Derrida would say when we try to lead ethical lives, we make decisions and choices even though there is never enough information, time, precedence, etc. When we try to act ethically, it is a leap of faith because there is always the possibility of us giving birth to unintended violence. Maybe it would have been better not to act at all? But we make a leap of faith that while our actions may sometimes not turn out to be ethical or just, we always keep in mind the ideals of ethics and justice by always questioning our actions and rethinking our paradigms. This is, for instance, why we deconstructed our interpretation of the concept of marriage and re-imagined/created it to include LGBT love. Levinas says our idea of the infinite that points us to God is the infinite responsibility we have when we are called to be responsible by the suffering face of the Other (widow, orphan, alien, enemy), which, as Derrida says, is a surplus of responsibility that overflows our ethical precepts and certainties.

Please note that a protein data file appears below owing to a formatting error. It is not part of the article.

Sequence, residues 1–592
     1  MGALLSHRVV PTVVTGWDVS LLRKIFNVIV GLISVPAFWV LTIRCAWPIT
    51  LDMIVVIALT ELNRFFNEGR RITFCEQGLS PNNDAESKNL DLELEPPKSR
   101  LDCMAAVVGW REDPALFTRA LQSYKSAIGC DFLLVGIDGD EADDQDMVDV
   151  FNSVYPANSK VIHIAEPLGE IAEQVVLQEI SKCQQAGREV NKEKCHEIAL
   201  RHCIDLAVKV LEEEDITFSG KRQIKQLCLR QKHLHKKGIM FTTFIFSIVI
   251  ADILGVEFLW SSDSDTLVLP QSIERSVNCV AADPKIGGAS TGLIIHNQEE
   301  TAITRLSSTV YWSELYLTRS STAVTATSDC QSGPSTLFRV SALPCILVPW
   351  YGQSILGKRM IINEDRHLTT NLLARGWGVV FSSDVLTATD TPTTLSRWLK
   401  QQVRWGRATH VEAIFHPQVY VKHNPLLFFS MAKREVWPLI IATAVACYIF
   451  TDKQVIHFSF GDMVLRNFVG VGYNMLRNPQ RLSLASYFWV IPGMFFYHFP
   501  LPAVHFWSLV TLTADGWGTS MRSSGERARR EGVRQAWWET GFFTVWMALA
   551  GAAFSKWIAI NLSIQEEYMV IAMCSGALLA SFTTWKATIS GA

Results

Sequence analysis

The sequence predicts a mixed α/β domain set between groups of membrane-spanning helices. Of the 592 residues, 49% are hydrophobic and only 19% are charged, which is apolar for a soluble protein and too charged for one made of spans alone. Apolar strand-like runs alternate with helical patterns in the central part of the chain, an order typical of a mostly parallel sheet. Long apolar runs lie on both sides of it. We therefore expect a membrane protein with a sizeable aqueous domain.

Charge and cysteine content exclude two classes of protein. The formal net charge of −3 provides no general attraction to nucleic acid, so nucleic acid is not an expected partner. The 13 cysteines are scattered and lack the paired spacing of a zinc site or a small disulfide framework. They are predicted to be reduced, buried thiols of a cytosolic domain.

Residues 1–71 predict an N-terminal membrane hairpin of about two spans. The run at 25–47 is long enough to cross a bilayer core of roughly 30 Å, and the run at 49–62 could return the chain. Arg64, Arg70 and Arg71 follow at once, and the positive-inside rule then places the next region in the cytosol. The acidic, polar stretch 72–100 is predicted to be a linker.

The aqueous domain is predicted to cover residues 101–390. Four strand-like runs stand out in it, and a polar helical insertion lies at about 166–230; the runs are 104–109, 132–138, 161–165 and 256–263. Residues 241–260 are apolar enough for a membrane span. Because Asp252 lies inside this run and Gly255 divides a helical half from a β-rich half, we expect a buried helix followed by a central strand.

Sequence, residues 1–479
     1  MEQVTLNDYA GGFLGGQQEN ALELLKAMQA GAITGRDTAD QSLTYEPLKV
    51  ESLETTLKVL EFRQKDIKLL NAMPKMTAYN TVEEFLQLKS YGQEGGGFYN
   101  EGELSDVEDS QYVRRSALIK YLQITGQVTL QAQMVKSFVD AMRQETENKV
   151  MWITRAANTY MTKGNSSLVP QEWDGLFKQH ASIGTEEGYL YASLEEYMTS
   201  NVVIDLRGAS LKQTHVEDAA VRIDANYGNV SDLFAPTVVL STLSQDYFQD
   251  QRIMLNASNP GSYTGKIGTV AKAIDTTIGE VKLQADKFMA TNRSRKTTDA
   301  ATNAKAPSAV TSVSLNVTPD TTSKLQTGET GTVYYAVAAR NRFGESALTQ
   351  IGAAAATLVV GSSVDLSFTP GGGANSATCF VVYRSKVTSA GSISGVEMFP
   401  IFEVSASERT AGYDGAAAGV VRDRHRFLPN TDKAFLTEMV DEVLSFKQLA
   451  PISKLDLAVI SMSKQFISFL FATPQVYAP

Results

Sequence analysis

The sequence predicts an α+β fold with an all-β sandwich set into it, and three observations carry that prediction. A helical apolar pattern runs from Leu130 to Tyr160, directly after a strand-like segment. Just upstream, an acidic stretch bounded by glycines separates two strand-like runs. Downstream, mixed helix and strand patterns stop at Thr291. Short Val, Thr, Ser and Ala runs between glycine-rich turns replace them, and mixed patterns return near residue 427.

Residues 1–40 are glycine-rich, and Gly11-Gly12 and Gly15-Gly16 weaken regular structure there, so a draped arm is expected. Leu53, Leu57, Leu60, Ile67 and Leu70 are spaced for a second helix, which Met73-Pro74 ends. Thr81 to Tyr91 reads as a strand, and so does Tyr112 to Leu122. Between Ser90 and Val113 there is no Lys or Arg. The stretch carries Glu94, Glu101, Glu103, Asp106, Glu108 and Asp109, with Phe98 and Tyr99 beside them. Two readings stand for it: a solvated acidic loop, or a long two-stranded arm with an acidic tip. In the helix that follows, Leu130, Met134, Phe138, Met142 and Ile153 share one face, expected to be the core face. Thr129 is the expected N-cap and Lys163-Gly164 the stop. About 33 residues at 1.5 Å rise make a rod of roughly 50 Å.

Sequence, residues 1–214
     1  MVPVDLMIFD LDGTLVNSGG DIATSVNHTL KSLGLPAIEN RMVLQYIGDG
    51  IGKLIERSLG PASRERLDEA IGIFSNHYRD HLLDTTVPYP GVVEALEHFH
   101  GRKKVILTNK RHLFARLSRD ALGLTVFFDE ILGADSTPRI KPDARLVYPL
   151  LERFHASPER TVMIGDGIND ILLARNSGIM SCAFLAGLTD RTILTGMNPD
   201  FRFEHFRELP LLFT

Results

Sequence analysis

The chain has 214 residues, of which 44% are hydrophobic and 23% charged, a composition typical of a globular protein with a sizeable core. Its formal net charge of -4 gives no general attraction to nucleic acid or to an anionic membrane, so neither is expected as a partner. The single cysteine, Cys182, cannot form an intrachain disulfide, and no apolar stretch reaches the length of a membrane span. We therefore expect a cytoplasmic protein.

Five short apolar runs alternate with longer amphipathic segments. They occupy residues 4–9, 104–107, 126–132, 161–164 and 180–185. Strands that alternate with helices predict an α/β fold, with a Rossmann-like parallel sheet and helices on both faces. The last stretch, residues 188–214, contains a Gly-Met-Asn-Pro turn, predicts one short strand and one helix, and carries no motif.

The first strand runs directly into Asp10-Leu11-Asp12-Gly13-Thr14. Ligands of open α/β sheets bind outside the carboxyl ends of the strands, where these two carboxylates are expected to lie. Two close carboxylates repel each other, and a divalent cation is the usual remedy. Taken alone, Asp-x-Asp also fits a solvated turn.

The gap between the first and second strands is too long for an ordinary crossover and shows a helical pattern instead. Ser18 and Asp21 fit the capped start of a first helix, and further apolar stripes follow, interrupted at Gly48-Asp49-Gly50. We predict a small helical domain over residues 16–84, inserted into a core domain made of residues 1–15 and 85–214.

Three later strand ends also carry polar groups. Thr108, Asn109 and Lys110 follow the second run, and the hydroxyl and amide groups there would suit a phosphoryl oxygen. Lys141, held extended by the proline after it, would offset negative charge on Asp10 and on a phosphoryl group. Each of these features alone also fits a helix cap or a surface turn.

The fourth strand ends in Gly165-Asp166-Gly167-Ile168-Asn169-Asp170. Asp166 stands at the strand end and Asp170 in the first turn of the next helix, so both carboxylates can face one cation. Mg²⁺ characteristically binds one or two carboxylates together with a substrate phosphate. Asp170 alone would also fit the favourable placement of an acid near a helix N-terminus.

• Phil Ledgerwood

        First of all, thank you for the warm memories of my time earning a Philosophy BA. I actually had a great comic book about Derrida, although I doubt I’m a quarter as acquainted with him as you are.

        Also this:

        our idea of the infinite that points us to God is the infinite responsibility we have when we are called to be responsible by the suffering face of the Other (widow, orphan, alien, enemy)

        I will be meditating on that for a long time. Thank you for sharing it. That resonates deeply with me.

        • John MacDonald

          Glad it spoke to you!